A Static IP address with your iPrimus Broadband service, gives you a fixed home on the web!
For more information about Static IP addresses with your iPrimus Broadband service, please read below.
What is a Static IP address?
By default, you will be assigned a dynamic IP address every time you connect to the internet, and for most internet users this is fine.
Static IP’s allow you to host your own services, websites and other programs on your broadband connection without needing to notify everyone of your “address” on the internet each time you reconnect to the internet.
Services can include a web server, or FTP server for distributing content, hosting your own mail server, or hosting your own gaming server.
Other reasons you may want a Static IP.
How can I add a Static IP to my iPrimus Broadband account?
You can add a Static IP to your internet account when you sign up with iPrimus, or for existing customers, please contact our Technical Support Department to add a Static IP to your broadband Serivce. Please note that at this stage, some Fibre to the Home networks do not currently support Static IP connections, please contact us for more details.
How can I check what is my Static IP address?
Your toolbox will show your Static IP address, or you can use ipconfig in Windows to check your IP, or visit a website such as http://www.whatsmyip.org/
How am I charged for the Static IP?
Static IP’s are charged at $10 per month, in monthly blocks. If you choose to cancel your Static IP and go back to a dynamic IP, your Static IP will be billed until the end of your current monthly period.
Can I keep my Static IP when changing broadband plans?
Generally you can keep your Static IP address if changing between our consumer plans. iPrimus supports separate IP addresses for Consumer and Consumer services, thus if you change your plan from a Consumer plan with a satic IP, to a Corporate plan with a Static IP – you may not be able to retain the same Static IP (and vice-versa).
Can I add subnets to my Static IP address?
Currently iPrimus does not offer subnets for Static IP addresses for consumer services. Our Corporate and Small business plans offer many options with subnets, and additional IP addresses etc.
Network firewall with Static IP
When you choose a Static IP address with iPrimus, our standard network firewall which is active across all other consumer broadband plans is set to e different mode. This means that some internet ports we normally block which can be used to transmit spam, viruses, or other malicious attacks against computers, routers and modems are no longer blocked by iPrimus. We recommend if you choose to utilise a Static IP you ensure you manage your home network with appropriate firewall and antivirus / Internet security software.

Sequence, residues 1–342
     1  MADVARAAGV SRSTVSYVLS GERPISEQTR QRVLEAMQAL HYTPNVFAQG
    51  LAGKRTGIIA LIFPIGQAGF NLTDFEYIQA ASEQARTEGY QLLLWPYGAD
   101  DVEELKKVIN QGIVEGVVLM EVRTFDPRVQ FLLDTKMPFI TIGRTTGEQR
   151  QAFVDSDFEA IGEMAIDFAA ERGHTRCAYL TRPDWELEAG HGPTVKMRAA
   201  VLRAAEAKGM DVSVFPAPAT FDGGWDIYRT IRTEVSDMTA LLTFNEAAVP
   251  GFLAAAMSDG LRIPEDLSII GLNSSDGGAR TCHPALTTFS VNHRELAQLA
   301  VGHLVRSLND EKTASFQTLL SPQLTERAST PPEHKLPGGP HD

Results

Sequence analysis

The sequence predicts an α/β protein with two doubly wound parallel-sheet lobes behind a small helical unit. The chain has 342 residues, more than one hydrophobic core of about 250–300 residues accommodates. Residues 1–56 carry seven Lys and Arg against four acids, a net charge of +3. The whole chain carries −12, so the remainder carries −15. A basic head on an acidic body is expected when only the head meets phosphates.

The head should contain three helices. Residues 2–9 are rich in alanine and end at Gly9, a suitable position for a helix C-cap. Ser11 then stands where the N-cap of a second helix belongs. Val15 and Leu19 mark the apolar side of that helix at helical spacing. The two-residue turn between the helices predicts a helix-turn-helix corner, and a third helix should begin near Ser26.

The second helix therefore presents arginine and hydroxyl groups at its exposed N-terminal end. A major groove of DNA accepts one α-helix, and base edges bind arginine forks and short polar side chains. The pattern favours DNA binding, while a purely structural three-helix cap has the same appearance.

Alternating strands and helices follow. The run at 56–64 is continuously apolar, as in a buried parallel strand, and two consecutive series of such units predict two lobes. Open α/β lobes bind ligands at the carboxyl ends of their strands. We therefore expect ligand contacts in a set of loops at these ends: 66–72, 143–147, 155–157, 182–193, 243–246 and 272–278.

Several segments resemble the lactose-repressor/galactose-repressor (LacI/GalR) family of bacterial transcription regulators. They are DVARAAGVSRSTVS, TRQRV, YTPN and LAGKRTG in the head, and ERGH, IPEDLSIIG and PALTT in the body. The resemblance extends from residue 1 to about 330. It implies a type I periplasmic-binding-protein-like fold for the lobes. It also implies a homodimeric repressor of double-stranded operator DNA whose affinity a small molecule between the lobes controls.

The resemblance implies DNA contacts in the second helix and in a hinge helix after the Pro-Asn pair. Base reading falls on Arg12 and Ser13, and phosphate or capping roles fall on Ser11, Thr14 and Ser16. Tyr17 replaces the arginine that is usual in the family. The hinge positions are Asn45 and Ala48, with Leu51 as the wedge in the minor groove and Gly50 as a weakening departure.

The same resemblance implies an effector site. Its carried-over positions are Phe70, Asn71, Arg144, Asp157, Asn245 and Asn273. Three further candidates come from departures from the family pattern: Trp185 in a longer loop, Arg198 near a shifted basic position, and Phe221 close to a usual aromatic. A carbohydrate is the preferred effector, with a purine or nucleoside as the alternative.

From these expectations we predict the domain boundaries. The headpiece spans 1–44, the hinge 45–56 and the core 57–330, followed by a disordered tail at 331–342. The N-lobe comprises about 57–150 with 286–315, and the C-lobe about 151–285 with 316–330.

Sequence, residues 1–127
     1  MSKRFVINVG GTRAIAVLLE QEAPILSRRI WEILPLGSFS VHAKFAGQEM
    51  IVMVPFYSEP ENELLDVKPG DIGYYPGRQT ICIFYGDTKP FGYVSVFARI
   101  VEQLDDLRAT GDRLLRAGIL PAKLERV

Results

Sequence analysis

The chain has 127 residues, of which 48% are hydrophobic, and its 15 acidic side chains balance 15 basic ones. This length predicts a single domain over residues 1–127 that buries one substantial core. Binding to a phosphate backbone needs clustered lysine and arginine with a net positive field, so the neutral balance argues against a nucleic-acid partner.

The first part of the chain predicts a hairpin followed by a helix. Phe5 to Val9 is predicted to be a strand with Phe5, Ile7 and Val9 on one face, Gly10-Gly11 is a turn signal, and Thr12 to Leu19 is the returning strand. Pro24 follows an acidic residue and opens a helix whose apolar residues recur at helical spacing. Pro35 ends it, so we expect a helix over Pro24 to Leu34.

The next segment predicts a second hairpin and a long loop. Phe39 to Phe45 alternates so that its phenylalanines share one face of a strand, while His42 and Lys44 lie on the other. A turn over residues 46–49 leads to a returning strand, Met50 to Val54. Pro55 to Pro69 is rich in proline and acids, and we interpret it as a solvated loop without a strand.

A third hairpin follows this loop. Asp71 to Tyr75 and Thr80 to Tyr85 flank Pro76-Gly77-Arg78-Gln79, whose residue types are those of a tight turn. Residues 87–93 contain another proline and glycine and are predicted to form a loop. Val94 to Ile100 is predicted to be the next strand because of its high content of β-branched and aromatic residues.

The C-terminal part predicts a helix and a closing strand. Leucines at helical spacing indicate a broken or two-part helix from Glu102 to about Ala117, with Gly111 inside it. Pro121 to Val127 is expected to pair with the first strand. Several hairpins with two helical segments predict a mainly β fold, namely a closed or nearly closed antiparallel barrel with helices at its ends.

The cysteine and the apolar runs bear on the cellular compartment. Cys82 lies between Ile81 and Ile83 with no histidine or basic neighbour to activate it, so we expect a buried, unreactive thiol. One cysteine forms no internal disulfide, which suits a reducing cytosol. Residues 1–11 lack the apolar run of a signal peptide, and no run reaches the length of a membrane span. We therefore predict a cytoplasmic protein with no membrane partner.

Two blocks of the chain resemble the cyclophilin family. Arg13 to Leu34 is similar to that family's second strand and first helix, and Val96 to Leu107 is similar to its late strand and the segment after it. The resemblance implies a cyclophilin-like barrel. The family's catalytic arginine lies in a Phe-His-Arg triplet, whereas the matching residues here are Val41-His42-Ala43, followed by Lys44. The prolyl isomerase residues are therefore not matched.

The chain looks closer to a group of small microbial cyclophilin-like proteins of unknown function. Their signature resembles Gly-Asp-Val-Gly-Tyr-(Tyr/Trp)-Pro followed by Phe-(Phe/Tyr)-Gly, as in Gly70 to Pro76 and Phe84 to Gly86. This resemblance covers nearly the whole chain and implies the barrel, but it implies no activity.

Examples of why you may want a Static IP with the network firewall from iPrimus turned off:
- You wish to run a server that requires people on the internet to access it which is:
- An HTTP or HTTPs web server on port 80, and/or port 443
- A Telnet or SSH shell server on ports 22 and/or port 23
- An SMTP mail server on port 25
- For remote access to a router, or broadband modem connected to your broadband account
- For remote proxy server access on port 8080 or 3128 on your broadband service.
Note some ports remain blocked, including 25, 445, 139, netbios-ss, 4444, 135 and 593.
What is an IP address?
Every computer connected to the internet must have an unique address known as an IP address. The IP address (or Internet Protocol) address in a number which is written as four numbers separated by periods (i.e 192.168.168.122), which provides a unique identification of the computer or network component on the internet.
As the internet becomes bigger and the amount of users and devices increases the amount of IPV4 addresses available for use is shrinking every day. In the near future the internet will be upgraded to use IPv6 addresses, which in simple terms, means that the addresses will become longer, and many, many more IP addresses will be available. As this is a large change to the structure of the internet, it may be many years before this change is rolled out across the world.